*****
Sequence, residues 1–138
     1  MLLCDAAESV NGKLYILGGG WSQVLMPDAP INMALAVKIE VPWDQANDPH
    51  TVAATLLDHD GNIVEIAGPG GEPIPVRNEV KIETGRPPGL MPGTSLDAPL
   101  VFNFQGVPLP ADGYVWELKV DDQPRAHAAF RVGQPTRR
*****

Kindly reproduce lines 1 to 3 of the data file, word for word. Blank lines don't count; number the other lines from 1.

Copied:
Sequence, residues 1–138
     1  MLLCDAAESV NGKLYILGGG WSQVLMPDAP INMALAVKIE VPWDQANDPH
    51  TVAATLLDHD GNIVEIAGPG GEPIPVRNEV KIETGRPPGL MPGTSLDAPL